Photoperiod i.e. ‘day-length’ in relationship to plants refers to the length of time that a plant is exposed to light in a day. Initially scientists thought that it was the amount of light per day that prompted growth responses in plants but later came to understand that is it actually the amount of uninterrupted dark that triggers most growth responses in plants. Day length can initiate vegetative growth, flower bud initiation & flowering, bulb formation, leaf senescence, etc. Plant growth processes can also be determined by temperature or day length and temperature together.
Plants can be divided into 3 main groups based on photoperiod response: short-day (<12 hours daylight), long-day (>12 hours daylight) and day-neutral/ intermediate day (not dependent on day length). Most plants stop growing when day length is less than 10 hours, even if ideal temperatures are maintained. Day length has to do with latitude. In Colorado, our latitude ranges from 37° to 41° N of the equator and since we are near the center of the US, our time between sunrise and sunset is moderate to southern and northern states.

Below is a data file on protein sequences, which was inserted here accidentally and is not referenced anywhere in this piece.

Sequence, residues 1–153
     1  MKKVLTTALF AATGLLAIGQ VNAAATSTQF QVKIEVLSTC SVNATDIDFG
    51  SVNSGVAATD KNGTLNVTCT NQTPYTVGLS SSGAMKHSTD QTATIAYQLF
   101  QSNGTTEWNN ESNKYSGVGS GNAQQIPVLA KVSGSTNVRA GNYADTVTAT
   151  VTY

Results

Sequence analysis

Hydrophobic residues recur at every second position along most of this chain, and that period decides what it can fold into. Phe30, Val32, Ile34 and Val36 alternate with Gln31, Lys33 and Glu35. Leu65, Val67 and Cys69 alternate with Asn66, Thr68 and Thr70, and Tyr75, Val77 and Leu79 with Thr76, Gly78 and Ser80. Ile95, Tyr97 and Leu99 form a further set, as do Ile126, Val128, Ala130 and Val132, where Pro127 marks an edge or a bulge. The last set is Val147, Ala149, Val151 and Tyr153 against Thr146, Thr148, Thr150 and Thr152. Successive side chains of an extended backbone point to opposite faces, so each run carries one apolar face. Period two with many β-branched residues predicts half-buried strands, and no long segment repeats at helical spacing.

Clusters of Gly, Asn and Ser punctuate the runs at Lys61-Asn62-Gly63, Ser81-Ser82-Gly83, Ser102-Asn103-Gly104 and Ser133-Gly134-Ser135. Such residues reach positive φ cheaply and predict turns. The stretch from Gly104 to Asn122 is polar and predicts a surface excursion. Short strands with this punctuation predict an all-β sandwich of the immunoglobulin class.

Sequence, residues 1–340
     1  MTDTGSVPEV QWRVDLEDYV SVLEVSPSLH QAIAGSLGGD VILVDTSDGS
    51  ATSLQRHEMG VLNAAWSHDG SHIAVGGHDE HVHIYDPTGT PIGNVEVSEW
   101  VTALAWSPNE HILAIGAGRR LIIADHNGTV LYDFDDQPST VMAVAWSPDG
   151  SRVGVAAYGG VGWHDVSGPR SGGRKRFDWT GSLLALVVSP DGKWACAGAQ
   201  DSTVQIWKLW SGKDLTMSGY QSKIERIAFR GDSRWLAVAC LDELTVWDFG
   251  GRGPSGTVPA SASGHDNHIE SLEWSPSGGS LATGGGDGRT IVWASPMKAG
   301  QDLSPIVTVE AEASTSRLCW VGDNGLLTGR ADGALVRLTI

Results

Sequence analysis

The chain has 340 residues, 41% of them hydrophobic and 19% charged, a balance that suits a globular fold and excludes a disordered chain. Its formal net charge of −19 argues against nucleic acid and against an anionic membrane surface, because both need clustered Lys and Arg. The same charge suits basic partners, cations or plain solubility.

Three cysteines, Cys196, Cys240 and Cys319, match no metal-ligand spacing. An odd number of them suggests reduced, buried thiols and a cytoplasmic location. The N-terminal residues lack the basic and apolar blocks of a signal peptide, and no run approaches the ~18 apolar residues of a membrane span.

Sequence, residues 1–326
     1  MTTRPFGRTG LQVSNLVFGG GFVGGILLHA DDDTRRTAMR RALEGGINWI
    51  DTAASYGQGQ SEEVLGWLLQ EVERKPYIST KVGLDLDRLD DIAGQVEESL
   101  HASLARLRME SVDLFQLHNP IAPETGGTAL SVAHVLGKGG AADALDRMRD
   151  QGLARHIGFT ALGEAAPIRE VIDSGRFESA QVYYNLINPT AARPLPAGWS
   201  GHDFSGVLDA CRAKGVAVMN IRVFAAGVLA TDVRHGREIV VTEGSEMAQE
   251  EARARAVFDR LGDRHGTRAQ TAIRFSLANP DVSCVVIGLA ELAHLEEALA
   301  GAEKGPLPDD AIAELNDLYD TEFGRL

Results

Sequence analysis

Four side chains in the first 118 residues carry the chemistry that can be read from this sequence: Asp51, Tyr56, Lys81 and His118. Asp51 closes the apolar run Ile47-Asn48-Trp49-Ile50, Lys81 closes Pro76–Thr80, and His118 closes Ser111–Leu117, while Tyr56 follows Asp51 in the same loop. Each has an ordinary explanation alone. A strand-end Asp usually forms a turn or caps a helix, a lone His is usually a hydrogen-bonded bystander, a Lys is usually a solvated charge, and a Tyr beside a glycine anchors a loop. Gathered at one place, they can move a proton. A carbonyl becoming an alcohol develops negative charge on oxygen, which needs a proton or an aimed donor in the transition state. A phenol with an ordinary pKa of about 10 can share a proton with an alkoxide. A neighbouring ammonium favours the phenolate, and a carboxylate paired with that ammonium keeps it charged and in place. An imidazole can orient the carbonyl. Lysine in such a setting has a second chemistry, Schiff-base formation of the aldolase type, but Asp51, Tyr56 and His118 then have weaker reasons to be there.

Day length is an important consideration for choosing which vegetable and small fruit crops and varieties will grow best in your personal garden and what time of year they should be planted for best production. Day length can also determine when certain herbaceous perennials and houseplants will flower and when to prune woody flowering shrubs and trees.
Long Day Plants
(Day Length > 12 hours)
Short Day Plants
(Day length < 12 hours)
Day Neutral Plants
(Day length has no effect)
Yard long bean
For one, it has taken me several years to learn to grow onions successfully. In fact, I’m still working on it! Different varieties of onions grow better bulbs before flowering at different latitudes. Short day varieties form bulbs at latitudes below 35° N with day length from 10-12 hours a day; long day varieties form bulbs at latitudes above 35° N and 14-16 hours a day; day-neutral varieties of onions start to bulb around 12-14 hours of sunlight a day, given good top growth before then. Gardeners in Colorado should choose long day and day neutral varieties.
Another thing I’ve learned about the effect of day length on plants is from when I’ve grown leafy greens (spinach for one) through the winter under simple season extension covers. Even though the plants usually survived our freezing winter temperatures, there was always a period of time after the holidays through February where the plants didn’t grow at all. When the days would start to lengthen again in late winter/early spring, the greens would resume growth. However, then they would usually go to seed earlier than spring planted greens.
See the table above for a list of plants and their day length requirements for flowering. We may not want a vegetable plant to flower before harvest (radish for one) so will grow it by adjusting the timing we plant and harvest.